The justices did not comment in turning away appeals from two Kansas men who were convicted of violating federal law regulating silencers. The men argued that the constitutional right “to keep and bear arms” includes silencers.
The court’s action in the silencer cases was among dozens of orders in pending appeals, including decisions to add an international child custody dispute and four other cases to next term’s docket. The justices also will hear cases dealing with a death row inmate in Arizona, racial discrimination claims against Comcast by an African American owned media company, environmental cleanup at a Superfund site in Montana and a dispute between Intel Corp. and a retired Intel engineer.
The court also rejected an appeal from a Yemeni man who has been held at the Guantanamo Bay naval base for more than 17 years. But Justice Stephen Breyer said “it is past time” for the court to decide whether indefinite detention at the U.S. Navy base in Cuba is legal.
In the silencer cases, Kansas and seven other states joined in a court filing urging justices to hear the appeals. The states said the court should affirm that the Second Amendment protects “silencers and other firearms accessories.” The other states are: Arkansas, Idaho, Louisiana, Montana, South Carolina, Texas and Utah.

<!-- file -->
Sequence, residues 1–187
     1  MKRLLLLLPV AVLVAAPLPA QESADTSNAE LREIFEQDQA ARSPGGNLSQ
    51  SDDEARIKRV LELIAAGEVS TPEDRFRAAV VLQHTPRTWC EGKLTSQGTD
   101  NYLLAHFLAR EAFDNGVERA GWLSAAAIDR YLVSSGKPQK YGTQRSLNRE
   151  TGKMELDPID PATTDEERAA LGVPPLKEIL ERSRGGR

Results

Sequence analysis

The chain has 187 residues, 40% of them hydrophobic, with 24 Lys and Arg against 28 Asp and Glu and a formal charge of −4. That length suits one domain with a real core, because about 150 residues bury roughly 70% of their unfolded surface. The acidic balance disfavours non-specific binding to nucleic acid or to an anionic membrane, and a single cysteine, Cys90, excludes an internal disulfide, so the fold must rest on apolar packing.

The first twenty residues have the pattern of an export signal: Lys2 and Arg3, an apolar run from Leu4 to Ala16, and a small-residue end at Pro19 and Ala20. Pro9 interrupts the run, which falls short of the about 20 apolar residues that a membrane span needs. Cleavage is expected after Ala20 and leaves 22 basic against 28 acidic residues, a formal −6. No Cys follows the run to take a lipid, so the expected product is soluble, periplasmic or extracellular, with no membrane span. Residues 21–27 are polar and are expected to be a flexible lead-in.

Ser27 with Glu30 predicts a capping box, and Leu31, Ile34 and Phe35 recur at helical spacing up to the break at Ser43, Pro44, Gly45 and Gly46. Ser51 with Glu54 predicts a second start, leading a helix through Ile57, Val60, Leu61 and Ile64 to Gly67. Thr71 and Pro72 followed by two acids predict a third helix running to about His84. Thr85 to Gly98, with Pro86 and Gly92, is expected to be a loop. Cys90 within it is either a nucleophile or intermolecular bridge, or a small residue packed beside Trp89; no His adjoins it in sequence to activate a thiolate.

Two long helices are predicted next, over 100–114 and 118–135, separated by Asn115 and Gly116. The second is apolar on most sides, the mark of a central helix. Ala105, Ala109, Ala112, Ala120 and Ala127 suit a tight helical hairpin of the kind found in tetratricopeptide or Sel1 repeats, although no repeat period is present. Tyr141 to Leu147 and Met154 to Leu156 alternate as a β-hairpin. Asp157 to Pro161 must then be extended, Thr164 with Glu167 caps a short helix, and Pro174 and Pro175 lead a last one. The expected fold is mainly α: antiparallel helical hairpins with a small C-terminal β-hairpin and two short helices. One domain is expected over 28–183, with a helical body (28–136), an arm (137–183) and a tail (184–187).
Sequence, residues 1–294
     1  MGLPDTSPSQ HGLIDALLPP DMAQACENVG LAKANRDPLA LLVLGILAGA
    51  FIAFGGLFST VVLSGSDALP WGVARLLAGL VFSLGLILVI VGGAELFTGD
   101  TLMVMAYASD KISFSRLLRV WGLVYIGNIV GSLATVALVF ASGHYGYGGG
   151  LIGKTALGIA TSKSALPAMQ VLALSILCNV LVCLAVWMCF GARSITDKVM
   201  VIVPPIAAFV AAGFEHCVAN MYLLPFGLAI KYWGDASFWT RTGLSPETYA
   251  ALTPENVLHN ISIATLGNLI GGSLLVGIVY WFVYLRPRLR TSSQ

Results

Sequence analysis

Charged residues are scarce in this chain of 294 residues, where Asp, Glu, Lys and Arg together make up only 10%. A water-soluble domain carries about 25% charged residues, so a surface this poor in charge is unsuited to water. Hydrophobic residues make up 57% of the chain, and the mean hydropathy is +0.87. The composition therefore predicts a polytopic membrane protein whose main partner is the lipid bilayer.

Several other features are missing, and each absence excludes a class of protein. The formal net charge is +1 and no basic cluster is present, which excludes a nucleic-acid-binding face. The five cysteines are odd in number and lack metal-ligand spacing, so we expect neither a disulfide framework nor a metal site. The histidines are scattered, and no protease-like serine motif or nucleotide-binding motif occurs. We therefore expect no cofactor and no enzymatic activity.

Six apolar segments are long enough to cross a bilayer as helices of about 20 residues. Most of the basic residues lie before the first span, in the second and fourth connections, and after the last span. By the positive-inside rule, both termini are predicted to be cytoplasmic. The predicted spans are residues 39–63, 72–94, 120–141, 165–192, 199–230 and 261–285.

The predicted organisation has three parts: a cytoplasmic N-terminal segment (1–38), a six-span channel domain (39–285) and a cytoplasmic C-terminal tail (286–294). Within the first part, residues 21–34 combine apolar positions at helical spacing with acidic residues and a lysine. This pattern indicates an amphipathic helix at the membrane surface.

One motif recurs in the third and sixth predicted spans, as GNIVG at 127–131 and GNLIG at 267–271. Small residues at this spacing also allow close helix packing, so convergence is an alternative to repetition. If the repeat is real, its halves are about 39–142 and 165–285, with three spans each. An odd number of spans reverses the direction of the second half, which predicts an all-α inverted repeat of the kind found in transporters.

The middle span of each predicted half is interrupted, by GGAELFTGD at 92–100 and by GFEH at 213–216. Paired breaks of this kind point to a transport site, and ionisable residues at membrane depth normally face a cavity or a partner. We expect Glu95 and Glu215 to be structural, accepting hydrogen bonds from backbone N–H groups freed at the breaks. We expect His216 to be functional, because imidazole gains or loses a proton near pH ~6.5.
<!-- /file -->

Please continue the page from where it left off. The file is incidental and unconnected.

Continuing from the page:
President Donald Trump’s administration asked the court to stay out of the case and leave the convictions in place.
Shane Cox, owner of a military surplus store, was convicted of making and transferring an unregistered silencer, and customer Jeremy Kettler was convicted of possessing one, all in violation of the 85-year-old National Firearms Act. Both men were sentenced to probation.
Meanwhile, police are trying to determine a motive for the deadly shootings in Virginia Beach, Virginia. Authorities have said that city employee DeWayne Craddock opened fire in a municipal building on May 31. Police say Craddock was armed with two semi-automatic handguns, a silencer and extended ammunition magazines.
Craddock later was killed in a shootout with police.